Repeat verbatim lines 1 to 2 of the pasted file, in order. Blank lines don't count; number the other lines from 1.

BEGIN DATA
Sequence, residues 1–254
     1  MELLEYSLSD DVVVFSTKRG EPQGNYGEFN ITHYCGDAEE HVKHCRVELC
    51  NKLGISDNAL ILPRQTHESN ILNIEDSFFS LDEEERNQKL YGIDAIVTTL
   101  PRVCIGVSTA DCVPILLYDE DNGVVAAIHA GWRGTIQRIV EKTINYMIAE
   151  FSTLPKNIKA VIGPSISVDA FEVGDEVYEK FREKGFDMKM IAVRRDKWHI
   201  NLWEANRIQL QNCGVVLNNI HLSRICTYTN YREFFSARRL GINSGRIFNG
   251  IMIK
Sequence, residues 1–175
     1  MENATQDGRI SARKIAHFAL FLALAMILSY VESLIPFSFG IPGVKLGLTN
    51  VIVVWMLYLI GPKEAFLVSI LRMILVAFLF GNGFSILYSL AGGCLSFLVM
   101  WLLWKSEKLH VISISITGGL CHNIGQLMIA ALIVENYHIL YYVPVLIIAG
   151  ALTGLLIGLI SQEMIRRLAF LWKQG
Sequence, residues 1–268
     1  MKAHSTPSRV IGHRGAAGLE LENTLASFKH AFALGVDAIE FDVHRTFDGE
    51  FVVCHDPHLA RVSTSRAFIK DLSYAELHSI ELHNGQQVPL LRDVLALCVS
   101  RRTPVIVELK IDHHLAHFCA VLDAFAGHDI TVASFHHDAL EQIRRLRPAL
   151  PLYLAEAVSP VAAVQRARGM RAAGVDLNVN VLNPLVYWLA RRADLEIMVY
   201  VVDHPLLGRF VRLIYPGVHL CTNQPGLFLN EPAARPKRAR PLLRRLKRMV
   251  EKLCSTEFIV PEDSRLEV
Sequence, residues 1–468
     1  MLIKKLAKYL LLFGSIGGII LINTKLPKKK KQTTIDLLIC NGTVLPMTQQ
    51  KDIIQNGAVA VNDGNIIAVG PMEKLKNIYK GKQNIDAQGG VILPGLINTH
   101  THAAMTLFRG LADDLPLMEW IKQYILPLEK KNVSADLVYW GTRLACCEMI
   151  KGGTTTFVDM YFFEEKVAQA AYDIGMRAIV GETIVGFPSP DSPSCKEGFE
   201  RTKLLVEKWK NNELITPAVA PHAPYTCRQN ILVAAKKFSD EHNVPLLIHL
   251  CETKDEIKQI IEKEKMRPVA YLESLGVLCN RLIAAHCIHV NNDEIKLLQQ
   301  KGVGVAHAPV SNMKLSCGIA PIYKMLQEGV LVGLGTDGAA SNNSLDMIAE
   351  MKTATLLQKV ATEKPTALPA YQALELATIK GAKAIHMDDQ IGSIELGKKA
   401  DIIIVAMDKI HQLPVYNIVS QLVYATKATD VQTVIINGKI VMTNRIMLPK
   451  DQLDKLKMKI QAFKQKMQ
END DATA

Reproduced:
Sequence, residues 1–254
     1  MELLEYSLSD DVVVFSTKRG EPQGNYGEFN ITHYCGDAEE HVKHCRVELC